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Travis Meeks | Artist On The Spectrum

by | May 4, 2018 | Artists, Blog, Music

Last week , for my first article in the series “Artist On The Spectrum”, I featured Opera/Pop artist Susan Boyle. Today’s featured artist is quite a bit different. If you’re a fan o  post-grunge rock you will be very pleased. Travis Meeks is the highly creative, lead singer and guitarist from the band, Days of the New. Meeks also has Aspergers.

Meeks Childhood

Travis was born 27 of April, 1979. At the early age of 2, his mother and father divorce. After the divorce, he and his father moved in with his grand mother. From the beginning Travis was creative and started his music at an early age. He played guitar and wrote songs and by the age of 8, travis started performing them.

As with many artists Travis’ childhood wasn’t idealic.  From 11 to 15, Travis went to various rehabilitation centres. He also attended a year in a special schooling centre. It was during this time that Travis formed the band with Jeese Vest and Matt Taul called Bad Dreemz. They later changed the name to Dead Reckoning, and then later changed it to the band we now know as Days of the New.

The  Big Time

At 17, Travis and his friends who were all teens, signed their first major label record contract. Their first album, Yellow, was very successful. It housed the #1 Billboard song, “Touch, Peel, and Stand”.  After the release of the album and to increase exposure, Days of the New toured with Metallica and Jerry Cantrell. Throughout the forth coming years, Day’s of the New released 3 studio albums, 1 live, 1 compilation album and, several singles.

Like many artists, Travis struggled with drug addiction. It was this that has been attributed to the break up of Days of the New  in 2014.

Asperger Diagnoses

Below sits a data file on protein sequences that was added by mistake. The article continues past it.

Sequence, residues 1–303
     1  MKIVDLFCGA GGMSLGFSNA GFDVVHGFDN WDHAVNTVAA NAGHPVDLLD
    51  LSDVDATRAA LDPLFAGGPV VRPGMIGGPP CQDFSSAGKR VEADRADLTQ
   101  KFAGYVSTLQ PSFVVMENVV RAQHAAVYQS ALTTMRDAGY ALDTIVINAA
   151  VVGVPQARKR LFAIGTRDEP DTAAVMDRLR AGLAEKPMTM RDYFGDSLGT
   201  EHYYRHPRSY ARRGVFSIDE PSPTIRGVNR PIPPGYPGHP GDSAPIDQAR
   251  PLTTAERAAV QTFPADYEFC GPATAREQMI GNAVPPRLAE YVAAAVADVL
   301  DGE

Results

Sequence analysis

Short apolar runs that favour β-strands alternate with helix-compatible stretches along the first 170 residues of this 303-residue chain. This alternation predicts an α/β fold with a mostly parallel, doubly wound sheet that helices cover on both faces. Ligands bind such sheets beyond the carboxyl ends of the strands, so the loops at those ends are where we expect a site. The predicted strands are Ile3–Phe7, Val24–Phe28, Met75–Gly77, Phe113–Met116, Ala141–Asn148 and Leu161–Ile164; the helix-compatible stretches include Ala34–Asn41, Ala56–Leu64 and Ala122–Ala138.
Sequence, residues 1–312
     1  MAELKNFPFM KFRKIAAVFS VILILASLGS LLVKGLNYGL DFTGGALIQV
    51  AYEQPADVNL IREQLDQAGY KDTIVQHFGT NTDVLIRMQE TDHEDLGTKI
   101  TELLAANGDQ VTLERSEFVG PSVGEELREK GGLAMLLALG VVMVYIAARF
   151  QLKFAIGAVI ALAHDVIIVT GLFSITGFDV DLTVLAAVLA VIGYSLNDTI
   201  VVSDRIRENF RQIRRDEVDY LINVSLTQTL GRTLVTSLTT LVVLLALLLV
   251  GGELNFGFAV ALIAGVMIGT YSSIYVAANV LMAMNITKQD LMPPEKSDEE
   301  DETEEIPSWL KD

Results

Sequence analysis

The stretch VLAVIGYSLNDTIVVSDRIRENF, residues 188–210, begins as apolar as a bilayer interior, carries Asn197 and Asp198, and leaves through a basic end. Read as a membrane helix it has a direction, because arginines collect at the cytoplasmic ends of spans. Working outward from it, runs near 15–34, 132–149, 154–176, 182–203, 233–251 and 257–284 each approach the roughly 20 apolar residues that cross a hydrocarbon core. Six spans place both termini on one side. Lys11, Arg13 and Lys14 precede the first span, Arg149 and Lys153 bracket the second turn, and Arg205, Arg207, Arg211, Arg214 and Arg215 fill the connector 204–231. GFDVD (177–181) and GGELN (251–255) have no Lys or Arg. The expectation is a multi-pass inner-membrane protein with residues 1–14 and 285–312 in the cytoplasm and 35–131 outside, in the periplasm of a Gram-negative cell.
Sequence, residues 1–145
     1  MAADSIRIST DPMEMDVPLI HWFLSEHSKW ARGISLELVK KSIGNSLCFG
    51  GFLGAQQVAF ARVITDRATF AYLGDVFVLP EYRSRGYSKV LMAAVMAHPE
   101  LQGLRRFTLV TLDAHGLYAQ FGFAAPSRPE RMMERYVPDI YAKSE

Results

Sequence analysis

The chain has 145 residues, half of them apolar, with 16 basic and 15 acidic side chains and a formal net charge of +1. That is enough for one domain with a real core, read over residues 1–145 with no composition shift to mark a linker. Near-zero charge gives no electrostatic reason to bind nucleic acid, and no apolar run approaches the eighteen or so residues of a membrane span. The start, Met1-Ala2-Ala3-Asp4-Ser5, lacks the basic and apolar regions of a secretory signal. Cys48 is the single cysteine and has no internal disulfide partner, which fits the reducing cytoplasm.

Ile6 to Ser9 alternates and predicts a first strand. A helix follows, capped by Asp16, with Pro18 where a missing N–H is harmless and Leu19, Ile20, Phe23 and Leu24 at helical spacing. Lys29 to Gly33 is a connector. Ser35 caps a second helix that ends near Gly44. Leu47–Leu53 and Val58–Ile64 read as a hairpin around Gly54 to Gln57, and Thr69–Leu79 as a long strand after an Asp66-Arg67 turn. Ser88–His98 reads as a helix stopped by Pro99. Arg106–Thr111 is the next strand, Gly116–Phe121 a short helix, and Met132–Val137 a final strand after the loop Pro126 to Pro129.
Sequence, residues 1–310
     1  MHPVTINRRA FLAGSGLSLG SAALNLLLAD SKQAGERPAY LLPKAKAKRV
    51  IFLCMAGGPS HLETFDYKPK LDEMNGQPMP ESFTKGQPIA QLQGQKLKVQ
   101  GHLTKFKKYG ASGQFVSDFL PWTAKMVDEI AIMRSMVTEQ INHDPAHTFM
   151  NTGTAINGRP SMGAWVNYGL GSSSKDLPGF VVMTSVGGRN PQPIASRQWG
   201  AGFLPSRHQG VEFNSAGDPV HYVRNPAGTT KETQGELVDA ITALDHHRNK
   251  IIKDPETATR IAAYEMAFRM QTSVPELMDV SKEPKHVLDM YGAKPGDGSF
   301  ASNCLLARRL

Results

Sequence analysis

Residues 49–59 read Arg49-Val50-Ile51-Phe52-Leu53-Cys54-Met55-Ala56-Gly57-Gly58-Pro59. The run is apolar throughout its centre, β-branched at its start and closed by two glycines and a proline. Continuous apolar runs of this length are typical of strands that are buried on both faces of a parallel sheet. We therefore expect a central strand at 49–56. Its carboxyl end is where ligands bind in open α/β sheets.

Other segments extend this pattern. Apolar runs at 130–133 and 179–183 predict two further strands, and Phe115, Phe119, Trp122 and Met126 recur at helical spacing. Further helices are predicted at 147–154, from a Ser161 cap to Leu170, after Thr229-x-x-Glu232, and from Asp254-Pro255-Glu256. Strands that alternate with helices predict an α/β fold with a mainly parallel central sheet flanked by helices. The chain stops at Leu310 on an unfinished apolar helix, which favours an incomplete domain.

Meeks was diagnosed with Aspergers in 2005. Below is his poetically moving account of experiences prior to his diagnoses.

“Thanks to my father Gary Meeks, he knew I was different and tried to protect me from the vultures of punishment. I felt severely punished anyway by the way I felt when I was removed from my comfort zones such as putting me in school.”

Go Dad! It’s great to read his father’s ability to see his son’s uniqueness and give Travis an outlet  for his strengths.

The Tree

As many aspies can identify with, Travis personified objects. His object was a gnarled tree. This is the theme on their albums.

I’ve seen this picture on the wall of a tree, that many people have seen, but no one has seen it like I have, and I have this relationship with the tree, and it’s gotten me through years, and I got this vision. The tree is my emblem; I have a tree belt.
It is my superhero. It was a painting on the wall that a lot of people had already seen. I had a moment and a vision. Tears were in my eyes. I went into the picture, and I found myself sitting in the picture. Part of Asperger’s is associating sound with vision, so I see what I hear. That’s how I write. That’s how I continue to write my records.

Being a lover of trees, I can definitely appreciate Travis’ candour and respectful reverence of his tree.

Throughout his life, Travis sought to be heard and understood. Travis’ father saw it, protected and allowed him find his voice. Meeks struggled with addiction and was able to express a reality that many people are able to relate to.

What are your thoughts?  Do you have a gifted child? How do you nurture your child’s gifts? Do you have any tips to share?  Do you have any challenges you’d like to share or how you are handling them?

Here is a Days of the New video playlist.

Thank you for reading.

James

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